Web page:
Riding on the momentum of Australia’s anti-waste movement, IKEA is now letting its Sydney customers return their unwanted furniture and goods to the Tempe store in exchange for a voucher to spend in-store.
The new Tempe scheme joins existing “Circular IKEA” programs that take-back sofas, mattresses, batteries and light bulbs in Australian stores.
Customers start by sending in images of the furniture to be assessed by a IKEA co-worker. If the furniture qualifies for the take-back service, customers will be offered a price for the furniture in the form of a voucher.
Customers then have 14 days to return the furniture and retrieve the voucher. The furniture is then sold at the same value as the voucher provided to the customer.
Similar initiatives have been introduced internationally. IKEA UK and Ireland are launching a textile take-back, and in Sweden, IKEA has introduced a dedicated online marketplace for customers to buy and sell second-hand products.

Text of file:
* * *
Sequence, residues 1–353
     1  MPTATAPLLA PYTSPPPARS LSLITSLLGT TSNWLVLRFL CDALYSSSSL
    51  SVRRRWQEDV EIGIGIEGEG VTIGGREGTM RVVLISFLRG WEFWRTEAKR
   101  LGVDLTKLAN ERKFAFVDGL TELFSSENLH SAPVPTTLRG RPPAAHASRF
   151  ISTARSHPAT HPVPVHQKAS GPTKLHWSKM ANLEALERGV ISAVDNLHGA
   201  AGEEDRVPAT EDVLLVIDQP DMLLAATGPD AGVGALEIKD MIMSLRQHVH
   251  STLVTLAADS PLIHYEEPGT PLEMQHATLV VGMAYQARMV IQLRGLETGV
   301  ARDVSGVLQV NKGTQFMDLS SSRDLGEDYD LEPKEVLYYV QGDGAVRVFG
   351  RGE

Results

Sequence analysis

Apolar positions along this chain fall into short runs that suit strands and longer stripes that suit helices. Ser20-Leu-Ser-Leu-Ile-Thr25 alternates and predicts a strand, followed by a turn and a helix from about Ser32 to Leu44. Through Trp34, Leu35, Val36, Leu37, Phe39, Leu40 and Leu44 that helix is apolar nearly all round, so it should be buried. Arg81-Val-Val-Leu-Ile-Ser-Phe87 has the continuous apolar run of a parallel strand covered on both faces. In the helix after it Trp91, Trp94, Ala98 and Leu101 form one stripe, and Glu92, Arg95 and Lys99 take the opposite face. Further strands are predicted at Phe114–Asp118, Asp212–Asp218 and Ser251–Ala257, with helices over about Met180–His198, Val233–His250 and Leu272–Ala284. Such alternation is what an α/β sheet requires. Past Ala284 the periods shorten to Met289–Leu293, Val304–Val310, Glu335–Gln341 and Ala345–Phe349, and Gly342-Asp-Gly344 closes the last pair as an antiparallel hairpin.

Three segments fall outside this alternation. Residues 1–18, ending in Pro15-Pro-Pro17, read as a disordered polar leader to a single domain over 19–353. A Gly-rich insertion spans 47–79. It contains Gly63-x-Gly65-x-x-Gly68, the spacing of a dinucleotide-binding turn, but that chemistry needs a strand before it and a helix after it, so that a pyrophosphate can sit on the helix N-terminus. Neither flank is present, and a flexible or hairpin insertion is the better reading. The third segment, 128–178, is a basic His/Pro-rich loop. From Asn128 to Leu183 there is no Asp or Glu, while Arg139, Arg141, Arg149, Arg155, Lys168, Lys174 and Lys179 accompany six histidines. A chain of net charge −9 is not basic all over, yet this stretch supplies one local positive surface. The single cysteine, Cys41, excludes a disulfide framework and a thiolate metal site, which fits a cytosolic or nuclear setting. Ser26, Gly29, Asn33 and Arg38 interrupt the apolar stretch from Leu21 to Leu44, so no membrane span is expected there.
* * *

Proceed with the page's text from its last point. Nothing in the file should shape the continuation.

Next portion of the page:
The company intends to take the scheme national, IKEA Australia sustainability manager Kate Ringvall told The Fifth Estate, with Tempe a test bed that will be used to gauge the community’s response before the scheme is progressively rolled out to other stores across the country.
As the expansion of the program hinges on community uptake, the company is looking for ways to streamline the process. As such, IKEA has teamed up with car share service GoGet to provide free hire vans for customers wanting to return their furniture.
Office furniture is also at the back of Ms Ringvall’s mind for the program’s ongoing expansion. The company will consider including furniture from small businesses as part of the existing Tempe pilot, with available floor space the main restriction on what furniture can and cannot be included.
The new scheme falls under the Swedish-founded, Dutch-based multinational’s broader sustainability agenda, which is detailed in the company strategy, first published in 2012.
The company has committed to a range of eco-friendly objectives – including sourcing raw materials from sustainable sources and achieving energy independence – despite being the world’s largest furniture retailer off the back of its high-volume, low-cost business model.